The bill would create funding from a modest price increase in conservation stamps. And if passed, the increase will help Wyoming’s hunting heritage in a variety of ways.
Wyoming boasts some of the most bountiful and versatile hunting grounds in the nation. And it also boasts some of the wildest migration corridors and public lands in the country.
But keeping opportunity intact for hunters and anglers remains top of mind. A bill currently in the Wyoming legislature aims to help hunters, anglers, and wildlife by raising the price of the annual conservation stamp.
Conservation stamps are a useful funding tool for most state fish and game departments. Hunters and anglers are typically required to purchase a conservation stamp to hold a fishing or hunting license for the year. And these stamps serve as a direct funding source for wildlife and habitat conservation.
The bill proposes an increase in price in Wyoming’s annual conservation stamp, from $12.50 to $21. Furthermore, the modest increase of $8.50 per stamp would give Wyoming Fish and Game an extra $1.6 million annually to invest.
And these funds would then move entirely to programs that serve both the sporting community and wildlife management practices.
The Issue of Access
The price increase creates more access for hunters and anglers to inaccessible public lands through programs that collaborate with landowners. And it’s important to point out that all landowner-involved programs are voluntary. Further, 85% of the fund would go directly to creating more access through programs like Wyoming’s AccessYes program.
“Having something positive on the horizon. like access, helps bring us back together,” said Jess Johnson, government affairs director for the Wyoming Wildlife Federation. “It’s good for us hunters and anglers. It’s good for generations to come. And it’s good for the landowners who deserve fair compensation for their efforts.”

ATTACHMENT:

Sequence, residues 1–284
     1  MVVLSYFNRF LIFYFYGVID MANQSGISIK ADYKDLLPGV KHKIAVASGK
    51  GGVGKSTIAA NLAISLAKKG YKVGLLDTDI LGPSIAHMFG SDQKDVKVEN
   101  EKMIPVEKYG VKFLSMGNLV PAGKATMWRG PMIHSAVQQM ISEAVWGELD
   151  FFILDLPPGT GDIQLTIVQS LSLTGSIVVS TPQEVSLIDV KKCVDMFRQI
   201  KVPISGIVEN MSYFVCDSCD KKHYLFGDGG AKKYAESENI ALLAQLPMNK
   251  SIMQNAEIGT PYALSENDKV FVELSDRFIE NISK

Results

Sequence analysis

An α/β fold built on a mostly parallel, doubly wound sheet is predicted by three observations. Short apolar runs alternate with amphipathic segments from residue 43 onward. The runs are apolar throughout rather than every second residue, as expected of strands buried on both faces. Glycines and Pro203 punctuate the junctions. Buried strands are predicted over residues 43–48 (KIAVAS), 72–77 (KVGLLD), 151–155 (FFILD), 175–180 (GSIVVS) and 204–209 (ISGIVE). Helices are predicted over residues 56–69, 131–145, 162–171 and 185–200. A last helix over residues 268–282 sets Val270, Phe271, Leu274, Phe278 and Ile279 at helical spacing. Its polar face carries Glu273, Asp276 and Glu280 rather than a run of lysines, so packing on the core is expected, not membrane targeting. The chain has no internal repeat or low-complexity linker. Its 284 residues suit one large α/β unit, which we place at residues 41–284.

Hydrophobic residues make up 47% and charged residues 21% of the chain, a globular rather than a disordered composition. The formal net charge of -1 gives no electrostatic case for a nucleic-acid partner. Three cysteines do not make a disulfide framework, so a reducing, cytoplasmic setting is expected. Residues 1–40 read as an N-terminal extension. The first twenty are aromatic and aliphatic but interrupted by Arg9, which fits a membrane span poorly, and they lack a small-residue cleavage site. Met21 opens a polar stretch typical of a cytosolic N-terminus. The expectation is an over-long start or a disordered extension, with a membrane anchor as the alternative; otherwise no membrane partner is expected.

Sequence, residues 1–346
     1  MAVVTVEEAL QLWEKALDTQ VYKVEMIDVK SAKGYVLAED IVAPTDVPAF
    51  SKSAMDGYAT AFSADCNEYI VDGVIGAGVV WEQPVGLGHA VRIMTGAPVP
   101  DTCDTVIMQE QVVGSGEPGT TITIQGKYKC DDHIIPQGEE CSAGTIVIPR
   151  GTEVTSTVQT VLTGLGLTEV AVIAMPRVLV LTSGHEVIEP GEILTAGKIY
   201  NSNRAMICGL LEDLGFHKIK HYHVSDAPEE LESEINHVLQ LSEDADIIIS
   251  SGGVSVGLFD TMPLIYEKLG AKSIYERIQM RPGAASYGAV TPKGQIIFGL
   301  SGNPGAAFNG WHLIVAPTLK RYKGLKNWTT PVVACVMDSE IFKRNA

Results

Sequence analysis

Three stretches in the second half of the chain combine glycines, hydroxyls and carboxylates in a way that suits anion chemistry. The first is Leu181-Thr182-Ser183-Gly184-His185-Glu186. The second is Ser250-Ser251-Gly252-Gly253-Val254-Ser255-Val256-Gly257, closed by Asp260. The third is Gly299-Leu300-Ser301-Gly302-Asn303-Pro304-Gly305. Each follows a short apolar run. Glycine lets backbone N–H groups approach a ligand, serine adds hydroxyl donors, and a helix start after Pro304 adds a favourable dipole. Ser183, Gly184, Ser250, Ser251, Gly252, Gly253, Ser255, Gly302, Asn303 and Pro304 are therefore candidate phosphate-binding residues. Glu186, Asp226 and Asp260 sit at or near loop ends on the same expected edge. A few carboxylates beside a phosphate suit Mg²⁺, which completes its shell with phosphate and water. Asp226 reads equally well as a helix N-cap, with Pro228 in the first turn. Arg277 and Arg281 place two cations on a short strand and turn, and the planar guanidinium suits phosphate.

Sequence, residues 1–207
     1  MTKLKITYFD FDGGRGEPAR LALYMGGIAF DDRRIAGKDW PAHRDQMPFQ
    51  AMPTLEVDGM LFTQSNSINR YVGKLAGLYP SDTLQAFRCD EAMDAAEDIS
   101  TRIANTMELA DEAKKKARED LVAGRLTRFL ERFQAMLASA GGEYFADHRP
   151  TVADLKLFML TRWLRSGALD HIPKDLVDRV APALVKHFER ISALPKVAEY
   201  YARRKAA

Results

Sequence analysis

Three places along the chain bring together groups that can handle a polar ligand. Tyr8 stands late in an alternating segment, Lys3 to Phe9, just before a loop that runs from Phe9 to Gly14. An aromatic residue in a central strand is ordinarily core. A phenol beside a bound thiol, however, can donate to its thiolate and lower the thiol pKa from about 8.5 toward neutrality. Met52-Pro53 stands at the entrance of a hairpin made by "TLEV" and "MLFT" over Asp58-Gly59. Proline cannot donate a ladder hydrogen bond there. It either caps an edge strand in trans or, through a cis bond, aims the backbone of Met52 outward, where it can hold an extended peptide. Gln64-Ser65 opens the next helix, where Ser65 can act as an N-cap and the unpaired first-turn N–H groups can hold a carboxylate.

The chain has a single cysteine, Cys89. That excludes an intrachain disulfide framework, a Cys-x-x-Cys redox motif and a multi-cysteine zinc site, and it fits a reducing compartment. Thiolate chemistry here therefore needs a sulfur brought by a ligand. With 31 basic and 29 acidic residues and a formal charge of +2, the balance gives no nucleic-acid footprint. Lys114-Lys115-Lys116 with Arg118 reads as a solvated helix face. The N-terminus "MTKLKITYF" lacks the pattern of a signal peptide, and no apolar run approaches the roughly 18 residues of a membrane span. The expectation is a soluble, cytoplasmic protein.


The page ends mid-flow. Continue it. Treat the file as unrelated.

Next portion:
On the other end of access, the bill looks to put the remaining 15% of funds directly into wildlife crossings for Wyoming’s migratory species and other wildlife. Specifically, this includes specialized fencing, overpasses, underpasses, and signage.
Increased numbers of designated wildlife crossings — dedicated structures that don’t interrupt traffic on roads — mean safer commutes for humans and animals. And putting together the puzzle pieces of safer migrations and increased public access will allow for better wildlife management across the board.
“Wyoming Game and Fish already has the ‘arrows in the quiver’ to negotiate access agreements with landowners. But they’re severely underfunded,” said bill co-sponsor Rep. Cyrus Western (R-WY).
“This bill is a major step forward in helping the hunting public get more access to high-quality public land while simultaneously respecting private property rights.”